By way of background, proDAD is the same company that markets both Mercalli (image stabilization) and Vitascene (special effects); check out my tutorials on EventDV-TV.com (Tutorials tab) to learn more about those tools. Adorage works with a range of editing tools, including Adobe Premiere Pro, Sony Vegas, Canopus EDIUS, Avid Liquid 7.x, and Pinnacle Studio. I tested with Adobe Premiere Pro CS4 on an 8-core HP xw6400 workstation running a 32-bit version of Windows XP. Note that proDAD offers a free trial version for download that you should definitely try before buying.
What's in the Package
Intuitively, when analyzing transitions packages, you should ask three questions. First, does it have transitions that I want in the resolution that I need? Second, how configurable are the transitions? And third, how do they look when rendered?
Adorage includes 10,000 effect presets, with more than 700 effects in HD, which obviously can be used for both SD and HD. If you're handy with an image editor, you can create your own as well. Adorage presents the transitions in nine categories, including General Effects, Weddings & Love, Sports, Travel & Transportation, Particle Effects, and Frames. Each category is broken into subcategories, such as Wedding Rings, Wedding Album, Hearts, Roses, Wedding Bells, and others in the Wedding category (Figure 1, below).
Operationally, you apply Adorage effects just like any other Premiere Pro transition, dragging it down into the timeline to the target location, opening the transition in the Effect Controls window, and choosing Custom to access the Adorage controls. Once you select a transition, you can quickly preview others in the same class using the arrows shown in the preview window in Figure 2 (below), saving a trip back to Premiere Pro-a nice convenience that makes it easy to find the best transition.
Once you choose a transition, you can customize any of the five aspects shown beneath the preview window on the lower right, including Video A and B, the Mixer, adding Smoke, and adjusting the Overlay settings. Just click the window that you need to edit, and Adorage opens the window shown in Figure 3 (below).
Adjustments vary by the property that you're adjusting, but they are extensive in all cases. For example, with Video A and B, you can change the source of the transition to a separate graphics or video file (rather than the video on the timeline); add borders to whichever source you choose; mirror the source horizontally, vertically, or diagonally; or tile the footage for a unique look. You can adjust the timing of the transition and, more importantly, the starting and editing positions, which may be necessary to make the video fit into a selected transition.
For example, when I first applied the Wedding Album transition to my wedding test clip, there were black borders in Video B when the album first opened, primarily because the transition was tuned for a 16:9 video and my video was 4:3. To eliminate the borders, I expanded the size of the video at the Starting position, and the transition worked perfectly.
After selecting the properties for Video A and B, you can start customizing the transition elements themselves, which will vary by the selected preset. For example, the album transition used in Figure 2 didn't have a mask, so they were no adjustments in the Mixer tab. In Figure 3, you can see the adjustments for one of the Roses transitions, which has mask, smoke, and overlay elements.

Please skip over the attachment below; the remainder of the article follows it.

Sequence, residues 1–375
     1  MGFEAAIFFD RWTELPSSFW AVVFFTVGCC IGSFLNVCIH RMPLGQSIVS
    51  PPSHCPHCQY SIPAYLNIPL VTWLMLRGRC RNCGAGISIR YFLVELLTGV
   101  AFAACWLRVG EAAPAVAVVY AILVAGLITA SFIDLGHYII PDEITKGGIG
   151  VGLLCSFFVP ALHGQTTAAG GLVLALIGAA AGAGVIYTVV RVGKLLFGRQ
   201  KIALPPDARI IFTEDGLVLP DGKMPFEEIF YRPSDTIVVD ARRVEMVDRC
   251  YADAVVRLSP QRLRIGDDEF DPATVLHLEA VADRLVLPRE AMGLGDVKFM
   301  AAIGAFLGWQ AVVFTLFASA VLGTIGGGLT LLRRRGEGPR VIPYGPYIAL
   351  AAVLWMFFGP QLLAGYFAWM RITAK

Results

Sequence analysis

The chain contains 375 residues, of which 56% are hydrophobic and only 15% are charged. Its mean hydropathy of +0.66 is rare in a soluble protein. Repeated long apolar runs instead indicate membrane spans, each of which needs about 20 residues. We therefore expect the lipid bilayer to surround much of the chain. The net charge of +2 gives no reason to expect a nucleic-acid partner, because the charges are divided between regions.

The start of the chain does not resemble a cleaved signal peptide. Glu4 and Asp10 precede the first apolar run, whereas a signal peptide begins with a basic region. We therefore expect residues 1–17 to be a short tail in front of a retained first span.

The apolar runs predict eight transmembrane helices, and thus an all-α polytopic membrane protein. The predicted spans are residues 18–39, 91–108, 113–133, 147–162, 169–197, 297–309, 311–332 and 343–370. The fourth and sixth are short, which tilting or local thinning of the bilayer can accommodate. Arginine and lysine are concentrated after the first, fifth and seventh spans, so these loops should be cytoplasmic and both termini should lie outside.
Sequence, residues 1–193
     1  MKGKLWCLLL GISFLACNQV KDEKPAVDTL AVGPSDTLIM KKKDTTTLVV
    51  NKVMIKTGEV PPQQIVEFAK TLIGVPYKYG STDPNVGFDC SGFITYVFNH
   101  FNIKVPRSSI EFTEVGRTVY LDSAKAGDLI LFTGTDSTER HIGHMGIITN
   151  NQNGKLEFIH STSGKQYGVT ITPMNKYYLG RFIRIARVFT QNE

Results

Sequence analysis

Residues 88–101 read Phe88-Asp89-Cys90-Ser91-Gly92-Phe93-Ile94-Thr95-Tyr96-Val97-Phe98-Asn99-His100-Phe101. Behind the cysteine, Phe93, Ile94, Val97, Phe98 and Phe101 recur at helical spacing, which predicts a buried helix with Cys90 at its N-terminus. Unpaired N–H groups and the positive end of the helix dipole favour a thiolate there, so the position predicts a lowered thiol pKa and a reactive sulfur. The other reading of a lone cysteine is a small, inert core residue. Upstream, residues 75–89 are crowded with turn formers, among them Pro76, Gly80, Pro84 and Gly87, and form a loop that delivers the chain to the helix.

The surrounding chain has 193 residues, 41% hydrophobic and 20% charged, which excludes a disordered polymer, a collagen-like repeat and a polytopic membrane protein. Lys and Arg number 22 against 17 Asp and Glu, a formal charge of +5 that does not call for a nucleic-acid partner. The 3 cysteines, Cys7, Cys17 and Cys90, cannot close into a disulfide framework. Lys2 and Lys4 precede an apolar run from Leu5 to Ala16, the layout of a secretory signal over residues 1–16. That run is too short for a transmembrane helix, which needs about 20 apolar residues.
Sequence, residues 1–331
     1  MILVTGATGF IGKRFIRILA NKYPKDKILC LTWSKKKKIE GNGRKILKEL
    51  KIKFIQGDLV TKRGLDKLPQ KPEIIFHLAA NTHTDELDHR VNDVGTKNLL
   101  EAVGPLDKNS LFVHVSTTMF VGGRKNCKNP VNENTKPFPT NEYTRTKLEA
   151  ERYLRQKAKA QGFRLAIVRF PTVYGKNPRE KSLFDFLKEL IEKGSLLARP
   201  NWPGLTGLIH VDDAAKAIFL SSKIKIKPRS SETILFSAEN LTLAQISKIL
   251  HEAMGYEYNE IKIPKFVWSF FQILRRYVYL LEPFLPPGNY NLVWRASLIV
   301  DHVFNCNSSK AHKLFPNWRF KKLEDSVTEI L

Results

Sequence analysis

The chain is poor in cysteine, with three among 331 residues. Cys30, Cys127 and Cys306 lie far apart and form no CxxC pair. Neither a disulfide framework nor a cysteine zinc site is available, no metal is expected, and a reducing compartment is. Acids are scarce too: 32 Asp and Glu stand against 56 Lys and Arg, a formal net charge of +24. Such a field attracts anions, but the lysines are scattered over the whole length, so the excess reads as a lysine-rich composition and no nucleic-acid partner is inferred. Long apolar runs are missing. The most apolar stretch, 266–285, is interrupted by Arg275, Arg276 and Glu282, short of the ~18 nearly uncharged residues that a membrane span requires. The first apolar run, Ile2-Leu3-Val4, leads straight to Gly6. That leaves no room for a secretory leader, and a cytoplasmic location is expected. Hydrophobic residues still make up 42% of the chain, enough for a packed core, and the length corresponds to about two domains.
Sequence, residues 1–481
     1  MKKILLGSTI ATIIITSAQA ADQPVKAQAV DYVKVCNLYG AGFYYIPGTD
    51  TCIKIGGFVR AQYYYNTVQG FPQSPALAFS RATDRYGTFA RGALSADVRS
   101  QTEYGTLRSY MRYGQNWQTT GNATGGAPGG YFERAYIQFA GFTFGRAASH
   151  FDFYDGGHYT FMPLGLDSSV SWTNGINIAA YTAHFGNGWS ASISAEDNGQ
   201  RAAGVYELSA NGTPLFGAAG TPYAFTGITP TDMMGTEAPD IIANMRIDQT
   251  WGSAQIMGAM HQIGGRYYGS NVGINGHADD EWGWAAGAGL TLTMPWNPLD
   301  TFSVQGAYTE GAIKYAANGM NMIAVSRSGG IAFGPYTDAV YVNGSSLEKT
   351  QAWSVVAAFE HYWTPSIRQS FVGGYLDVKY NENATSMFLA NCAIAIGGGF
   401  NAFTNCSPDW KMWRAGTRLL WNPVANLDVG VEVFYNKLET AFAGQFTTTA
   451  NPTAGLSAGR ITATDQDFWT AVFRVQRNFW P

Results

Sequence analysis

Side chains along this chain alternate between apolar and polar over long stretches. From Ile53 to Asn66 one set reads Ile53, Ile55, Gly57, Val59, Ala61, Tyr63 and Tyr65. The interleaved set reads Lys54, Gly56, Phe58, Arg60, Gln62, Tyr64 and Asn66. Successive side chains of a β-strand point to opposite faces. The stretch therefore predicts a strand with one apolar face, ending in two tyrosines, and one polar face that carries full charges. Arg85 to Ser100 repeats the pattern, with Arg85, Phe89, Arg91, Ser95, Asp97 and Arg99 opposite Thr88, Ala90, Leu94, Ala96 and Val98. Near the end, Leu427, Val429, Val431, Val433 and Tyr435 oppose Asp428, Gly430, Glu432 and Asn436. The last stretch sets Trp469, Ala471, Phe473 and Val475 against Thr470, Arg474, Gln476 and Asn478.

In Figure 4 (below), I'm customizing the parameters for the heart-shaped herz.tif mask file applied to the transition. The default color was white, but I changed that to pink using the controls on the bottom left. On the right, you can see that the starting and end points of the mask are 0% and 100%, respectively, which correspond to the size of the mask. This means that the mask begins out of sight and zooms out to 100%, revealing Video B at the same time.
Moving to the next tab on the right, the Smoke controls are relatively straightforward, with adjustments for expiration, intensity, and randomness. Finally, Overlay controls allow you to choose and customize parameters for overlay graphics used in the transition (Figure 5, below).
Again, in both categories, Adorage lets you customize the mask settings to a significant degree, including direction, tiling, mirroring, and other parameters. If you're seeking a unique, custom look and don't mind rolling up your sleeves, Adorage can definitely help you get there.
OK, so there are plenty of transitions that you can customize to your heart's desire. But how do they look after rendering? To test this, I rendered several transitions in both HD and SD formats. I found the quality very high, probably not surprising given that proDAD supplies the HD files at 1920x1080 resolution using very little compression (the video data rate was 24.6 MB/sec, about eight times higher than HDV).
What's the verdict? There are two ways to look at Adorage: The first way is as a collection of theme-specific transitions that you can easily add to your productions. Given that beauty is in the eye of the beholder and that proDAD makes it simple to preview the available transitions-either directly on its site or via its trial version-you should definitely have a look and see if these transitions would work for your productions.
The second way to look at Adorage is as an inexpensive platform for custom effects generation. That is, if you're comfortable working with alpha channels, masks, and the like in Photoshop or your image editor of choice, Adorage provides a great structure for creatively using these design elements in your productions. At $79, Adorage is a cost-effective solution no matter how you plan to use it.
Jan Ozer (jozer at mindspring.com), a contributing editor to EventDV and Streaming Media, runs The Streaming Learning Center.